ARCADIA, Calif. (June 10, 2010)—Legendary big-money rider Donald Pierce, Michael “Buster” Millerick, who gained his greatest fame as the long-time conditioner of Hall of Fame gelding Native Diver, and champion colt Harry Bassett, winner of the 1871 Belmont Stakes, were selected for induction to the National Museum of Racing and Hall of Fame, it was announced Wednesday by the Hall’s Historic Review Committee.

Born April 13, 1937 in Clebit, Oklahoma, Pierce won four Santa Anita Handicaps and was considered one of America’s top big-money riders during the 1960s, ‘70s and into the early ‘80s. He led all North American jockeys in stakes-won in 1973, winning 32 added money events.

Regarded as a great judge of pace and a strong finisher, Pierce won the Santa Anita George Woolf Memorial Jockey Award in 1967. He retired in 1985 with 3,546 wins, 351 of them in stakes and $39,018,422 in purse earnings from 28,740 career mounts.

At the height of his career, Pierce set a California stakes record, winning five consecutive runnings of the Los Angeles Handicap at Hollywood Park from 1969 through ’73.

“I’m very honored and I’m very proud to be going into the Hall of Fame,” said Pierce. “The first time I was on the ballot was 27 years ago and it’s been so long, I really didn’t think this would ever happen. I was very fortunate to ride for some great people and I was fortunate to get on some very good horses.

“I’d have to say the highlight of my career was probably my first Big ‘Cap, in 1960 with Linmold. That race kinda put me on the map and it really helped me pick up other stakes horses and got my career rolling. I don’t know if people today realize how big racing was back then, but in the ’50s,’60s and ’70s, we were averaging like 30,000 people a day at Santa Anita and Hollywood Park.

“It was great to be a part of that and it’s something I’ll carry with me for the rest of my life. Like any jock, I always wanted to win the (Kentucky) Derby, and when we turned for home in ’68, I thought I was on the winner with Don B, but he went wrong and never ran again.

“This (Hall of Fame induction) is a great moment for my entire family and I want them to be a part of it. If I have one regret, it’s that Shoe (Bill Shoemaker) is gone. He was my best friend and he meant so much to my career. He would’ve been elated that I’d finally be joining him.”

Throughout most of his career, Pierce and the majority of his contemporaries operated in Shoemaker’s gargantuan shadow, evidenced by Shoemaker’s record 17 consecutive riding titles at Santa Anita from 1951 through 1967. Pierce was Belmont Park’s leading rider in 1962 and he was leading rider on four occasions, 1967, ’68, ’71 and ’72, at the Los Angeles County Fair, which conducted racing at that time on a half-mile bullring.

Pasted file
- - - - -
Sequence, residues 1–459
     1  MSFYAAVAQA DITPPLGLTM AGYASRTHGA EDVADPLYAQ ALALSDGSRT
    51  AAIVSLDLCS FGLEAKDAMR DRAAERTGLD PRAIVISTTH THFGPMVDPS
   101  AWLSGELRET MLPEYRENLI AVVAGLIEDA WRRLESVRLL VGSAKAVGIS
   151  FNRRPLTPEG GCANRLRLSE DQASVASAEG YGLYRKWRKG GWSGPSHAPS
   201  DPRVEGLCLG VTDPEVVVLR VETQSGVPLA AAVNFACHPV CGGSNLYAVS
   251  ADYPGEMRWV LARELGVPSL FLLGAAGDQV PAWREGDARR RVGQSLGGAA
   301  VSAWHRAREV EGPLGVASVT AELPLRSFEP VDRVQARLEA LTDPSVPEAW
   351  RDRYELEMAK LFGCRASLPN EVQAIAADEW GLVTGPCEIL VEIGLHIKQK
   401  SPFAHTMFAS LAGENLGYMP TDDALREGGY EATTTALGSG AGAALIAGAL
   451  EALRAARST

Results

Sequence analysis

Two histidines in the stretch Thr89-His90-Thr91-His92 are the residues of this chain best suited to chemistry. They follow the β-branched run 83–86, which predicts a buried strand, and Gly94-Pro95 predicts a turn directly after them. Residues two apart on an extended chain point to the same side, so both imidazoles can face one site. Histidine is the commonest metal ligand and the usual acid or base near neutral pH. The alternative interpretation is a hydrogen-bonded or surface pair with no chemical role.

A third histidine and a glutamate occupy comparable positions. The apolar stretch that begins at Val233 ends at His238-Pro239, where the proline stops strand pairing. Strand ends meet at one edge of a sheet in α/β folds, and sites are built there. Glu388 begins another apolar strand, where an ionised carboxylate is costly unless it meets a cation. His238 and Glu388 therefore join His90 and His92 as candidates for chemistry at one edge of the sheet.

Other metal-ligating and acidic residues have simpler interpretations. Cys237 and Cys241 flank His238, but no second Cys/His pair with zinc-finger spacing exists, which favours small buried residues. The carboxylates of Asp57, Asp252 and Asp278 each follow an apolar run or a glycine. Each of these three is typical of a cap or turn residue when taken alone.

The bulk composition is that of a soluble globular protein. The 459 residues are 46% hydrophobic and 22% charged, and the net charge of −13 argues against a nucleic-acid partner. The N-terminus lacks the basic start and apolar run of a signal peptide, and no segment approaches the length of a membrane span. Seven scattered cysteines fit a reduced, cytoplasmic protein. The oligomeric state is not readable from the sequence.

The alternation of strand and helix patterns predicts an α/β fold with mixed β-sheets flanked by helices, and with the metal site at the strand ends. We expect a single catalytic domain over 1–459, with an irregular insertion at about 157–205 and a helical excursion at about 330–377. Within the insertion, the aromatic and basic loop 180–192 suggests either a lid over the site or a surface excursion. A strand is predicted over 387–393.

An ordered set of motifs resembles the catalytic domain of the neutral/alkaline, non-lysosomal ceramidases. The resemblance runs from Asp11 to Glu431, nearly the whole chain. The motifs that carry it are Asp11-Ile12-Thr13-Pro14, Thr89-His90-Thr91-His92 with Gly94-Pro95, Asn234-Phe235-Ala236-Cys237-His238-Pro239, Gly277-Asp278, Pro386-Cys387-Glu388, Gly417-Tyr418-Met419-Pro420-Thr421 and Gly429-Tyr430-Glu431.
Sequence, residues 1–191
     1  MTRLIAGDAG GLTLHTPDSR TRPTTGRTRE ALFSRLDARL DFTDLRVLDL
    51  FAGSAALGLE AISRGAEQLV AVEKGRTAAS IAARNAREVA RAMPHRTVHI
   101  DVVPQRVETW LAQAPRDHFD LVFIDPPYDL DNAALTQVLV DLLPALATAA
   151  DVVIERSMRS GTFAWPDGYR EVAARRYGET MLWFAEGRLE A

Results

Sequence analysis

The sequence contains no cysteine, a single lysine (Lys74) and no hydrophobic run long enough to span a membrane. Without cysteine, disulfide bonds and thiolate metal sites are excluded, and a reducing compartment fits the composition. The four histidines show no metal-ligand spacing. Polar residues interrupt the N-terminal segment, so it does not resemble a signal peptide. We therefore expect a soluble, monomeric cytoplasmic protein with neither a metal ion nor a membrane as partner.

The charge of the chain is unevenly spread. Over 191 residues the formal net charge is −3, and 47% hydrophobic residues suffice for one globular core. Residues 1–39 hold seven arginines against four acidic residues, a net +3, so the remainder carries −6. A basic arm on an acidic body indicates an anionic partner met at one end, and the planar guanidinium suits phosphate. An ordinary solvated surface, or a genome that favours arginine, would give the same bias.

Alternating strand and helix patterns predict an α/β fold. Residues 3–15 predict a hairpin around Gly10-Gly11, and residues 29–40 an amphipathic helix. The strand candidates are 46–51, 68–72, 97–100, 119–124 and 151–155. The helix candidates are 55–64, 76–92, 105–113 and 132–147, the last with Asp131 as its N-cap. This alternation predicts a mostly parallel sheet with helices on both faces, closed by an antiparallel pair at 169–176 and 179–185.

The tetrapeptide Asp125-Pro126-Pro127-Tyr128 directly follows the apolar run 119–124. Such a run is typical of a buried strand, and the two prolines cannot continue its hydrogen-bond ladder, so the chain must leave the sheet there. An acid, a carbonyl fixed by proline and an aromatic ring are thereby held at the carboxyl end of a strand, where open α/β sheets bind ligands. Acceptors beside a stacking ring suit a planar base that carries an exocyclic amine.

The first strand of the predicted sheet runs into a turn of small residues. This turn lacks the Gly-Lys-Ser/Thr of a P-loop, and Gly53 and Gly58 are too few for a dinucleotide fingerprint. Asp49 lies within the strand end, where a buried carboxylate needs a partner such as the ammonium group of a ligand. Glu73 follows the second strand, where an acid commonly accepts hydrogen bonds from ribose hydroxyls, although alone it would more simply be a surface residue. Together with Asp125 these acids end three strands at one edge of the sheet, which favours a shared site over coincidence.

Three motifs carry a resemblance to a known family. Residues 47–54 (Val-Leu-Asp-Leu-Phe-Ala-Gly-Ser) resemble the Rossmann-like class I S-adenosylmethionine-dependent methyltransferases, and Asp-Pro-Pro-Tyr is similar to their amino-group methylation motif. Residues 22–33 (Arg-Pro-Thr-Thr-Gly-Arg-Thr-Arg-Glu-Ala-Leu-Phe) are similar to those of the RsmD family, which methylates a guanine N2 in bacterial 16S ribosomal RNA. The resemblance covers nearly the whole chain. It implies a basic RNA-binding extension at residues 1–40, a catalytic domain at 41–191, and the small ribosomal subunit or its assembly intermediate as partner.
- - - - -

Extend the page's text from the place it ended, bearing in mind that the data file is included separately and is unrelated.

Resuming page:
In addition to Linmold, Pierce won the 1962 Santa Anita Handicap with Physician, the ’65 running with Hill Rise (whom he lists as the best horse he ever rode) and the ’72 Big ’Cap with Triple Bend.

He also won the Santa Anita Derby twice, in 1964 with Hill Rise and in ’79 with Flying Paster.

Best known for his work with eventual Hall of Fame gelding Native Diver, California native “Buster” Millerick saddled his first winner, Happy Fellow, at Santa Anita on Jan. 4, 1935. Millerick operated a public stable until his retirement in 1984.

In the interim, the highly respected Millerick would win training titles at Santa Anita, Del Mar and Hollywood Park. Prior to setting off on his own, Millerick had worked for eventual Hall of Fame trainer Tom Smith, of Seabiscuit fame.

His greatest success and acclaim came in partnership with the California-bred Native Diver, who Millerick conditioned as a 2-year-old through his final start at age 8. Referred to as “The Black Horse” by his regular rider, Jerry Lambert, Native Diver won 37 races, including 34 stakes and amassed earnings of $1,026,500.

A true measure of Millerick’s worth as a trainer are Native Diver’s overall achievments in 1967. It was then, at age 8, that Native Diver won the won the seven furlong San Carlos Handicap at Santa Anita, the six furlong Los Angeles Handicap at Hollywood Park and his third consecutive Hollywood Gold Cup at 1 ¼ miles. This was all en route to a record-setting performance on Sept. 4 in the Del Mar Handicap at a mile and one eighth, the final start of his career.

Although he could appear to be gruff to the uninitiated, Millerick was well known for his generosity and love of the horses in his care. Other top Millerick-trained horses included Countess Fleet, Count of Honor, Fleet Nasrullah, George Lewis and Kissin’ George.

Upon his retirement in 1984, Millerick ranked second all-time in wins at Del Mar, fourth at Hollywood Park and fifth at Santa Anita.

Millerick passed away on Sept. 30, 1986 at age 80.